August 15: Hope to Boston Bar, British Columbia - The Great North American Sticky Bun Hunt - CycleBlaze

August 15: Hope to Boston Bar, British Columbia

Impressively honest about what he sells, this Barry chap.
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TODAY'S TWO UNUSUAL FACTS:

1: A cow could walk up a spiral staircase but it couldn't walk down again because it's front legs are too short.

2: A cow may not be an elegant swimmer but it floats better than you'd think.

This, then, is a tale of a swimming cow. Her name is, or was, Rosie. She led an unfortunate life, Rosie, because with cow-like sense she decided to chew on a battery found in a wood and she went blind. Before she went blind, she was harassed by dogs. So even when she couldn't see, she was wary of dogs and scurried off whenever they approached.

The trouble with being blind and prone to panic was that running away led Rosie straight into the Thompson river. It took her owners a couple of days to know she was missing and when they searched the meadow they knew where she had gone - because there were dog and cow marks leading to the water.

Rosie found herself in the water, a mysteriius experience for many a bovine. She was swept along by the current and battered by rocks and sandbanks. The moment she got to her unevenly shaped legs, another wave pushed her off again. And eventually she fell over Hell's Canyon, a waterfall fierce and deep enough that tourists are charged to see it.

The man who runs the crossing at Hell's Canyon, here at Boston Bar, saw Rosie go bobbing by but could do nothing about it. "I couldn't believe my eyes," he told reporters afterwards.

It took a week and the intervention of two government agencies to bring Rosie to safety. She had lost 45kg and much of her mental composure. The Mounties were used to always getting their man. Now they had their cow as well.

I've no idea if it's still the talk of Boston Bar. I didn't ask. We weren't in the mood. We got here in less than cheery circumstances after a miserable ride on Highway 1, up the Fraser Canyon. It is supposed to be less busy than the larger highway to the east but it's hard, on a sunny summer Sunday, to see how that could be.

What adds black humour to the day is that it had barely started when we passed a sign announcing this to be a Safety Corridor. At almost the same point, the shoulder disappeared. In fact, whenever drivers had the privilege of two lanes to go uphill, the shoulder vanished to make room for them. At the same time, the road became edged by a concrete wall which gave cyclists or walkers no escape.

The people who run the roads in British Columbia are called DRIVE.bc. They don't hide their bias, do they?

This is the "safety corridor" in British Columbia. Safety? As a cyclist, you have to cross the blind exit to this tunnel, then balance in the darkness on a narrow pathway. There is not only no ramp to the pathway but access to it is blocked by a sign. I think only the suicidal would press the button as invited and then ride through.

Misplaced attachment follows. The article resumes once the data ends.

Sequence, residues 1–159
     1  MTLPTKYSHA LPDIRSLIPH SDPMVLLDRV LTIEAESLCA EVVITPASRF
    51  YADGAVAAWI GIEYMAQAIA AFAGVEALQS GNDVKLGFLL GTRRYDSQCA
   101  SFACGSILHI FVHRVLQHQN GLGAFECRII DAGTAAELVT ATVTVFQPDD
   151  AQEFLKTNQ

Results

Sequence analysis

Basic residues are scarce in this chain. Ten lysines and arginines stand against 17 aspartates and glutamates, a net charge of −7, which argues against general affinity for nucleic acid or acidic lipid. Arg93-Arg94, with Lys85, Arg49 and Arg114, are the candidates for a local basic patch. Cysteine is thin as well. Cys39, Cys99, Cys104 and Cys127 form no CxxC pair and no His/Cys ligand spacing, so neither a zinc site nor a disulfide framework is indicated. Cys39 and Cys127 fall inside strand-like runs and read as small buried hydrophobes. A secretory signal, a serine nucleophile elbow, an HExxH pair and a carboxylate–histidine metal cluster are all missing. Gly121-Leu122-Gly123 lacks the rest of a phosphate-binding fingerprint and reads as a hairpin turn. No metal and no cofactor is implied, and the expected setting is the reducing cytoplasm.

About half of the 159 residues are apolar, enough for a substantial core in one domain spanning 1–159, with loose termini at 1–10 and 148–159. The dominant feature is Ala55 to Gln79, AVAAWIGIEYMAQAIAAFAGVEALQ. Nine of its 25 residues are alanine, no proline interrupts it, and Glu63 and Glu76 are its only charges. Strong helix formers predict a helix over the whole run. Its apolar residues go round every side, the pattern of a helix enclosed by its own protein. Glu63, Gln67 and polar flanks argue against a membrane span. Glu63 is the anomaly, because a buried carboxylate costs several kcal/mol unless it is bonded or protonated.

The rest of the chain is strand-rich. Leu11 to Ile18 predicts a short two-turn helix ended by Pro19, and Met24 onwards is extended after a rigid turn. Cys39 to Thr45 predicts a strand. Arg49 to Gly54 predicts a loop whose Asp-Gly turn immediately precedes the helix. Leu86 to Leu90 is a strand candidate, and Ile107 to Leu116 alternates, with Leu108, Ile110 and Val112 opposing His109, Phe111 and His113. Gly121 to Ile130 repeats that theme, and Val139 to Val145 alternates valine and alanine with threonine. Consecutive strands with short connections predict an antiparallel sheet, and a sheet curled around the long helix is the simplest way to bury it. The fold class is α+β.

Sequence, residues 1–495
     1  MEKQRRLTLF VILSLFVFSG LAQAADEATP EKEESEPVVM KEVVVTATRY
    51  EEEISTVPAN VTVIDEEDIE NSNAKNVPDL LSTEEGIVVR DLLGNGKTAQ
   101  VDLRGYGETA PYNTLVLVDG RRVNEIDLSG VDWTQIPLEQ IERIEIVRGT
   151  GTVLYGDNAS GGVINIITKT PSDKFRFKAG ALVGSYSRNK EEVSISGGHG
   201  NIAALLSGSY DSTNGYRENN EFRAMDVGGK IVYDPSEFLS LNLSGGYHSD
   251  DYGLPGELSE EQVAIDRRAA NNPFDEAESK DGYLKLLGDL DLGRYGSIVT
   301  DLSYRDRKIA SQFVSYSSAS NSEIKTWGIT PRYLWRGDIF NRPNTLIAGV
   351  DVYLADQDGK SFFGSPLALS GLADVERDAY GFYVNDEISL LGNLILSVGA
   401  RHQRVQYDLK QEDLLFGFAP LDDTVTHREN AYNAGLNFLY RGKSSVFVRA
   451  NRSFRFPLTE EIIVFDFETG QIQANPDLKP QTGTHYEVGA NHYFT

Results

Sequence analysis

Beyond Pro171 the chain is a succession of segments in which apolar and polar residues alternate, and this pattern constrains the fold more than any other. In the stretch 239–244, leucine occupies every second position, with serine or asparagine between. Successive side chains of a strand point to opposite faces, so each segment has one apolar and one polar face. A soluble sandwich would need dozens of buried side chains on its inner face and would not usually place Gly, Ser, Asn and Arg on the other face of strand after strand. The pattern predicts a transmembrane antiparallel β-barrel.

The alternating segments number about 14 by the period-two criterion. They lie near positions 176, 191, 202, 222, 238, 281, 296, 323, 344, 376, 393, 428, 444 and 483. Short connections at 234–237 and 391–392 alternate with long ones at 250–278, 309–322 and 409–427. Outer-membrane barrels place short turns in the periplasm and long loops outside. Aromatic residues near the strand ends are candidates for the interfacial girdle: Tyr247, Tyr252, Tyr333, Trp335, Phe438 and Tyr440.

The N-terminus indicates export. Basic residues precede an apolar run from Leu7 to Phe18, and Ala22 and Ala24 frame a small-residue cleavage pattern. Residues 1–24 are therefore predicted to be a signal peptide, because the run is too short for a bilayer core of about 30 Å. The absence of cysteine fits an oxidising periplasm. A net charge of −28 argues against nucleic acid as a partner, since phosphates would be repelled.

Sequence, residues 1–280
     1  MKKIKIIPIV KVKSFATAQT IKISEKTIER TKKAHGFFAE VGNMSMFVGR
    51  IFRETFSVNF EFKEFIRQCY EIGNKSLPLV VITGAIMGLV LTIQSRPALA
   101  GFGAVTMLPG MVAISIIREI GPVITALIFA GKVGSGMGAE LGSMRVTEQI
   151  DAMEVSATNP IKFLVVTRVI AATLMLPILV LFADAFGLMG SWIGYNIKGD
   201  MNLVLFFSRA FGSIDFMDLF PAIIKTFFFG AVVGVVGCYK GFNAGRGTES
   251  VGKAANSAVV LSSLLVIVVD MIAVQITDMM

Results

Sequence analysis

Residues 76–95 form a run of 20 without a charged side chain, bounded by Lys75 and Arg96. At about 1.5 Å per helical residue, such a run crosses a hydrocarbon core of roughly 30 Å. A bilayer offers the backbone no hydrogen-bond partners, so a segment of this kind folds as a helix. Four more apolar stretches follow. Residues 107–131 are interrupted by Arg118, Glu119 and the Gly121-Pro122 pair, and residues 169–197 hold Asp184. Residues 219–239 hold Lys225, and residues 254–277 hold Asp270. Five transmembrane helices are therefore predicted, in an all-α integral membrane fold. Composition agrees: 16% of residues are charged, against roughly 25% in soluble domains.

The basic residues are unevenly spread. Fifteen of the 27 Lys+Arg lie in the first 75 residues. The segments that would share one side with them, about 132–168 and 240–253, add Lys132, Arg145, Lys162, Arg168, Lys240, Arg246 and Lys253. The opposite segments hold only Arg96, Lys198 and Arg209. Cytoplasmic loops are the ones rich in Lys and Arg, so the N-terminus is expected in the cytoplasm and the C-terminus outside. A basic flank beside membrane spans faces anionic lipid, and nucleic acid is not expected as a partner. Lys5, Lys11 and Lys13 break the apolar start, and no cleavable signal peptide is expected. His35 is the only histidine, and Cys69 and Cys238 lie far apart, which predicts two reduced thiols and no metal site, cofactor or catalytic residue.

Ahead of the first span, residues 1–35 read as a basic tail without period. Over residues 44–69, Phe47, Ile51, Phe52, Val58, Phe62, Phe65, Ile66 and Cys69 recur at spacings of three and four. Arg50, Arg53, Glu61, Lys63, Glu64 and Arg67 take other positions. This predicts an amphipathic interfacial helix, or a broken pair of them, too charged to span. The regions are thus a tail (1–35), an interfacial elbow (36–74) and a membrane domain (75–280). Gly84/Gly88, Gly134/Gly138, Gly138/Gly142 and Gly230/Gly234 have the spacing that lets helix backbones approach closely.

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There are also tunnels on the road. Each tunnel is fast and without a shoulder. Instead, there is a walkway along one side. A sign at the entrance to the tunnel tells northbound cyclists to cross the road, sometimes blind to traffic in one direction and in one case blind to both. Not only is there no ramp to the elevated walkway but, as a convenience to drivers, a pole with a reflective panel is placed just where a cyclist would need to get on or off the path.

This, Canada, is frankly a joke. And that was why we felt so unhappy. Fortunately we found a paradise campsite to the left just befopre Boston Bar (so named because many of the early prospectors on the river sandbank, or bar, were from the eastern states of the USA and therefore presumed to have come from Boston).

The campsite lies on a wooded, well kept slope to the river. The land is part of a small Indian reserve and it's been run for the last six years by a wiry New Zealander called Bernard. The first thing he did was offer us a bottle of Stella Artois, explaining that he didn't drink beer so he passed on bottles he was given to deserving cyclists.

I forget how long he said he has been in Canada but in all that time he has never become a Canadian.

"When I came to this country, the first newspaper I saw had a picture on the front page of a Canadian soldier and an Indian in warpaint, staring each other out, nose to nose. It was a demonstration. I saw then that this is a divided nation and I didn't want to be part of it."

His employers are Indians, the district council, and he gets on with them well.

"But there's so much hate."

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"Over what happened to them?"

"They're still hating because of the past."

"And how does that show?"

"The resentment, sometimes a refusal to work. They've never forgiven what happened to them. That said, there are some with more advanced attitudes. And I'm really impressed at their relationship with nature, the way they respect the world around them. If you live on the planet, you're going to touch it, change it. But they know how to live in harmony, to keep and save what's around them."

What's around us at the moment is a bear and her cubs. Steph came face to face with a bruin on the way to the showers. (It was she, not the bear, with soap and towel in hand.) They stared at each other and then walked on. Later this evening the bears were romping about in a fruit tree, enjoying themselves until some fools in a four-wheel drive car passed too fast and sent up a cloud of dust.

The bears seem uninterested in humans. But that hasn't stopped our hanging all our food and toiletry kit in bags from tree branches.

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